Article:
We call family and friends, throwing out line after tenuous line into the river, trying to catch anything secure enough to weigh us down against the relentless current. Even estranged, unhealthy bonds look good enough to hold in here, though you heard them spill the numb-lipped story of damage done by the same person with whom they’re now cuddling and caressing the phone handset.

Practical, long-term solutions feel like magical thinking here. It’s clear that none of us can wait long for real improvement, not when the next drink, the next hit, the next catastrophe might show up before we even get home from the hospital. Logic demands that we cook up something faster, and so we mastermind the new scheme for a windfall of happiness and safety.

Too bad the house cheats. Too bad we’ll never make it out the door with our stolen goods. At least, in this place between folly and failure, we’ve got plenty of fellow grifters to appreciate the beauty of the plan.

Ocean's 11 at the Bellagio

Oct 1, 2015 - Psychology    15 Comments

The Place That Scares You

TW: suicide, self-harm

What lands a person in a psychiatric ward is a trip beyond the pale, a dip in the waters of extremity that run so deep, it terrifies the people around us as we flirt with the bottom. I didn’t reach a tipping point the day I hurt myself. I wasn’t hearing The Critic or The Stalker any more loudly or frequently that day than the one before.

No, the day I hurt myself was simply the day I couldn’t wait any longer to be heard. I tried to check in two weeks earlier, but the gruesome fact of mental health today is that there is no room at the inn for the safe. You must be pursued to the gates by the hounds of depression, or delivered in a heap just one step shy of the morgue, before a bed will materialize. The first time I went to the ER, I wasn’t willing to say the feelings were anymore threatening that day than any other. I knew which buttons I would need to push to get what I needed from this torturous, Russian-roulette game of a Skinner box, and that day, I wouldn’t play.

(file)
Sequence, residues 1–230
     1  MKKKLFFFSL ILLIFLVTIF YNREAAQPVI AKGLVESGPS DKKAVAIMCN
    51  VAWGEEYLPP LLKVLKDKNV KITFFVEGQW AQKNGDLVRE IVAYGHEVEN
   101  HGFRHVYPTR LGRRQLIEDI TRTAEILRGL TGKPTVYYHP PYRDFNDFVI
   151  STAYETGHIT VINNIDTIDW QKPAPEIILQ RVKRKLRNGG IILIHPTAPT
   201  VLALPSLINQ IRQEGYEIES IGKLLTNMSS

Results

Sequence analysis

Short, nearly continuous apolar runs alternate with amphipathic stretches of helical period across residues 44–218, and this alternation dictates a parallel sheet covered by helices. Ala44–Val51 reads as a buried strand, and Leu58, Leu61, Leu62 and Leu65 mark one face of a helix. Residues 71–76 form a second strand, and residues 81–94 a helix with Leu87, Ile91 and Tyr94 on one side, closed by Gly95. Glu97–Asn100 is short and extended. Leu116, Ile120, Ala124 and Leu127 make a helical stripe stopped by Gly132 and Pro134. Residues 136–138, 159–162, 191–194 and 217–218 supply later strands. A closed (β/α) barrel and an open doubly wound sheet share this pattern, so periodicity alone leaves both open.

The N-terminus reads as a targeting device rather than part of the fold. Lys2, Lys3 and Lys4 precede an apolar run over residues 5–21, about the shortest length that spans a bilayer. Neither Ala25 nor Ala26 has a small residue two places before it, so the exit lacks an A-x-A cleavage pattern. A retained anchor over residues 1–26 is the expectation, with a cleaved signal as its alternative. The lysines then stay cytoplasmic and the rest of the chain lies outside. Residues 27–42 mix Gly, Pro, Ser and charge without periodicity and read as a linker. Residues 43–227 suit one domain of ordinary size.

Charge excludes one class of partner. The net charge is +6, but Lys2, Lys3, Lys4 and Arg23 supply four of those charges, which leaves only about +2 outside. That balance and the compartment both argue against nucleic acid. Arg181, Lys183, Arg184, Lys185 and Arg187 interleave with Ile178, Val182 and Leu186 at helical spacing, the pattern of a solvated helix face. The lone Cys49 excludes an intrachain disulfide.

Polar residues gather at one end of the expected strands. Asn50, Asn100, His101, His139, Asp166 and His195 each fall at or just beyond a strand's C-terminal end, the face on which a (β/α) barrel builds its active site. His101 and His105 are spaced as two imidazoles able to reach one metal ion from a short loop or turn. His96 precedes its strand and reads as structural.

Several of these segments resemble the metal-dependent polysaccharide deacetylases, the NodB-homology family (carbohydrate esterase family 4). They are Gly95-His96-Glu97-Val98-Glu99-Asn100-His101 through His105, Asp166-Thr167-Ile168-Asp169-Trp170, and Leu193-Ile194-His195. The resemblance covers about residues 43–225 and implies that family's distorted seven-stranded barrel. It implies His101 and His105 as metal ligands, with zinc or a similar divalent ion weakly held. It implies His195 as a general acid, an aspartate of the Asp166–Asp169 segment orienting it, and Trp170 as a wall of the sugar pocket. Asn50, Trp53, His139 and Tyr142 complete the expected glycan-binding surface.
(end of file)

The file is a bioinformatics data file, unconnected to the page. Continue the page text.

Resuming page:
It shook loose a few resources I needed, though, to crumple and collapse so mortifyingly before others. A week’s wait to see a new psychiatrist is a breeze compared to the four months it would take without the stamp of desperation I let them put on me. But the new meds are mighty slow to upload. Three to four more weeks before even a glimmer of future usefulness might be perceived, the doctor says. You think, I can do that—it’s at least a destination, not just the yawning abyss of uncertain improvement.

But sometimes, some days, waiting it out with gritted teeth just doesn’t work. The sympathy garnered for a hospital visit that doesn’t become a stay is thin as skim milk. The pressure mounts up again almost immediately, sure as gravity. That scream for help is so fresh in your mouth, you can still feel the jagged, blocky shape of it. But for everyone else, it’s already passed into distant memory, evaporated by the breezes generated by our fast, forward movement. You want things to be normal, so you act like they’re normal, but they’re not normal. And you still need the help.

That’s how you find yourself, crying all day, your mind on the thousand other things awaiting your attention, things you probably should be doing instead. Things you begin to think you’ll never get done. Things you begin to think would be better done by someone else. Someone better than you. A better worker, a better friend, a better wife, a better mother. Anyone better.

Anyone whose body isn’t so broken and weak. Anyone whose mind doesn’t spin uselessly on endless loops. Anyone whose senses don’t spark against every stimulus, lighting fires of irritation that burn through patience and kindness, that driest and most precious kindling. Literally anyone else. But you stand in the way, The Stalker reminds you. No one else can pick up these duties until you let them go. No one else will step in and do what you can’t until you’re gone. It’s the most sensible thing in your irrational world: Just get gone.